What Is Financial Burnout and What Can You Do To Alleviate It?

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You may be familiar with the concept of burnout, but what about when it’s being caused by your finances?

GOBankingRates spoke with Emily Koochel Ph.D., senior financial planning education consultant at eMoney Advisor, about exactly what financial burnout is, and what you can do about it.

What Is Financial Burnout?

Financial burnout is similar to job burnout, but its causes and symptoms are different.

“General symptoms of burnout include fatigue, irritability, insomnia, a sense of incompetence, excessive stress, anxiety and depression, which have been linked to more serious physical illnesses such as high blood pressure and heart disease,” Koochel said. “Financial burnout, however, generally presents itself as being despondent about our own money management.”

Koochel outlined some of the signs that you may be suffering from financial burnout:

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“Most people have experienced some level of financial stress, but higher levels over extended periods of time may manifest beyond general feelings of uncertainty and present physically,” Koochel said. “Commonly, those who are experiencing financial stress may also experience financial anxiety — all of which can be debilitating.

“Financial anxiety can result in difficulty controlling worry, sleeping or even physically through muscle tension and fatigue,” she continued. “Financial stress is our inherent physiological response to threat. Physiological stress is essentially the body’s reaction to the fight or flight response. When the brain receives a stressor signal, it tells the body to prepare for physical activity — to fight or flee.”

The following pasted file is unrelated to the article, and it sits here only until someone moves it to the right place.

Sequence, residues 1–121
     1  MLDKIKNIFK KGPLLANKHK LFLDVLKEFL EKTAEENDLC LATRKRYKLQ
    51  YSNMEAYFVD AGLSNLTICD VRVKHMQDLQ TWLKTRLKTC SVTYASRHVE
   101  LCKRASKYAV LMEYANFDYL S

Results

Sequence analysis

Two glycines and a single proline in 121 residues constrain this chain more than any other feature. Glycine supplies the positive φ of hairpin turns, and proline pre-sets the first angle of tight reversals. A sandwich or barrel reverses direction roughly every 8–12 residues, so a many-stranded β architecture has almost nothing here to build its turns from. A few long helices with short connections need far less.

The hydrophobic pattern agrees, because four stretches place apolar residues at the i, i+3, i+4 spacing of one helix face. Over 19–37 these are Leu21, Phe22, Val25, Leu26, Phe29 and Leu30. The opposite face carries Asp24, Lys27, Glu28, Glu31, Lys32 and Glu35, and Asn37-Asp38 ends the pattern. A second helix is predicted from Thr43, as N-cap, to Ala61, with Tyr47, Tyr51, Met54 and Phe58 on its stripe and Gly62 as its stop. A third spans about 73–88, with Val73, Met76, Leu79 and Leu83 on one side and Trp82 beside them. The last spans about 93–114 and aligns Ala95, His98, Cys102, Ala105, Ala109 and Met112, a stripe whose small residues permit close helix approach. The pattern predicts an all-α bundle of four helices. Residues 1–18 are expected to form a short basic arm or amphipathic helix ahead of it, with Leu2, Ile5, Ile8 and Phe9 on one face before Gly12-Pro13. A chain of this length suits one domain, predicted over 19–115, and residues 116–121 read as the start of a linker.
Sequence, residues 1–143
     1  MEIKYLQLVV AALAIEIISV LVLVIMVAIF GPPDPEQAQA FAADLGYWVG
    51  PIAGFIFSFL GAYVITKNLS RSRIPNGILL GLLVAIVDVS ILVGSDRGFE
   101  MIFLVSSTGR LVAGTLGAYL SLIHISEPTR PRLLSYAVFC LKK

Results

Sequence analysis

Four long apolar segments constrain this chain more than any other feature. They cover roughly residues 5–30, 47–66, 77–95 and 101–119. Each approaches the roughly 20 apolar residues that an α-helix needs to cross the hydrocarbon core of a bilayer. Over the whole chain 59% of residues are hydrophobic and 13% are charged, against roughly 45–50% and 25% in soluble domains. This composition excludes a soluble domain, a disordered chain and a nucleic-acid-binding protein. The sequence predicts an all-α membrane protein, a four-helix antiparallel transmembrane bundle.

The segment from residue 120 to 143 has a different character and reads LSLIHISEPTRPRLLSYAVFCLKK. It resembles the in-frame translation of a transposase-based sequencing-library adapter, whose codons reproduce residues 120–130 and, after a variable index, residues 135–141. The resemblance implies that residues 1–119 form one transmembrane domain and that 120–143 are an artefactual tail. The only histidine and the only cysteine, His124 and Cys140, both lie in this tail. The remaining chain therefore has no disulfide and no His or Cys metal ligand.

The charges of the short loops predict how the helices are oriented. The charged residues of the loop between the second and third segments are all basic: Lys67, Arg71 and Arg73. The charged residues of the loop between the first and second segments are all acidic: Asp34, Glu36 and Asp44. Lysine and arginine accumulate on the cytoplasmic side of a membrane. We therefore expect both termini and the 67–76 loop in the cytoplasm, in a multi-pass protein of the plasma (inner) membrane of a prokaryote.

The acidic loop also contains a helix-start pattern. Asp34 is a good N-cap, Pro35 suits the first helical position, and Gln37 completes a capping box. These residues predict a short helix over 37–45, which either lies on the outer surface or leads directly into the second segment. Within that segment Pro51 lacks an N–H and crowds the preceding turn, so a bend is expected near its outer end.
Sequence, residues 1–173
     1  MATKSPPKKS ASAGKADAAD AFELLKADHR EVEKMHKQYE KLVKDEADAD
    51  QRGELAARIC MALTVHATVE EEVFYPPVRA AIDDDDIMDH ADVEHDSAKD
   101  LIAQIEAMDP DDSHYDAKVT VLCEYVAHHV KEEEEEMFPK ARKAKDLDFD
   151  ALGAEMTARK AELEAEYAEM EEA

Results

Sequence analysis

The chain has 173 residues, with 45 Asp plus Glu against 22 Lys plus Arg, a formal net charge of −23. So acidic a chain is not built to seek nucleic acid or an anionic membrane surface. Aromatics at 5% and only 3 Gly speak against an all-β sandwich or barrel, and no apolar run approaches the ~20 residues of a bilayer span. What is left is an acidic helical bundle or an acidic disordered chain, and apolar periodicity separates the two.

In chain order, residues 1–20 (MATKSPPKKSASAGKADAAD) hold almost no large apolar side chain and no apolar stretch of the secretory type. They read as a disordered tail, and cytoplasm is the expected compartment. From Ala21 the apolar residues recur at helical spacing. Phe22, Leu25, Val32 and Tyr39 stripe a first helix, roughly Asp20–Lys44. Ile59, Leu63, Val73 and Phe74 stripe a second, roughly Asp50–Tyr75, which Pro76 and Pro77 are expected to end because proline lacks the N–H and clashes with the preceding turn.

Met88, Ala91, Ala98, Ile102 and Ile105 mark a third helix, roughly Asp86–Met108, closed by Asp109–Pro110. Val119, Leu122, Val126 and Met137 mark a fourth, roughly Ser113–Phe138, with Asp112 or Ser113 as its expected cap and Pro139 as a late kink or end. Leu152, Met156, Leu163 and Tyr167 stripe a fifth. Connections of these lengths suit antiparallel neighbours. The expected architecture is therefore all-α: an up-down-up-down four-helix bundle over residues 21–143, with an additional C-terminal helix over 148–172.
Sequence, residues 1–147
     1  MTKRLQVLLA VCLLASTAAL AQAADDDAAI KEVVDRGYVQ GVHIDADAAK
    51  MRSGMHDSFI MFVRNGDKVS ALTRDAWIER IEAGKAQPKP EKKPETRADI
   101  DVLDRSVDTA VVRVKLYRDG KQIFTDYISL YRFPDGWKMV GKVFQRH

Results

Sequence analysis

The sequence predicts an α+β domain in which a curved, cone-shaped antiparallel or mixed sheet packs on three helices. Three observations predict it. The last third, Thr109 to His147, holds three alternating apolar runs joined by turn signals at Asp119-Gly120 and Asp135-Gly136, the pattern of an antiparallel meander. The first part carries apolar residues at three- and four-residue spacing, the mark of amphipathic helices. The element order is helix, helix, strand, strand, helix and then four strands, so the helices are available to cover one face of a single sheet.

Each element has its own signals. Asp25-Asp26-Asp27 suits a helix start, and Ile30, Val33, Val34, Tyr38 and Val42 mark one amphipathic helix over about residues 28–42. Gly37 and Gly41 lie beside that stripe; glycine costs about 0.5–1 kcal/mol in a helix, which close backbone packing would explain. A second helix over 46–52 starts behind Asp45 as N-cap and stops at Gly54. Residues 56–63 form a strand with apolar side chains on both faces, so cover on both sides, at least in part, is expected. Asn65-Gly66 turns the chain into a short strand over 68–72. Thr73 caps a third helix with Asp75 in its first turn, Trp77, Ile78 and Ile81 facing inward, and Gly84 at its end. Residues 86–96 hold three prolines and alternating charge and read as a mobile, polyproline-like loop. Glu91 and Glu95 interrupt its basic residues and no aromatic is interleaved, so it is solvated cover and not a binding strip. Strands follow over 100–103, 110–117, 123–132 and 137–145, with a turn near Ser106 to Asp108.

Prolonged periods of financial anxiety or financial stress can lead to financial burnout.

What’s Causing Financial Burnout?

Although financial burnout can impact you at any time, it tends to be more prevalent during times of financial crisis.

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“Many Americans are still feeling the aftershocks of the fiscal consequences of the pandemic — they are no strangers to financial uncertainty,” Koochel said.

Worries about inflation, recession and job uncertainty can also lead to financial burnout.

How To Alleviate Financial Burnout

“Financial burnout can be debilitating,” Koochel said. “Even if you were once someone who had every dollar organized in the perfect spreadsheet, you are not immune to feeling symptoms of financial burnout.”

When you start noticing symptoms of financial burnout, Koochel recommends taking the following steps to alleviate it:

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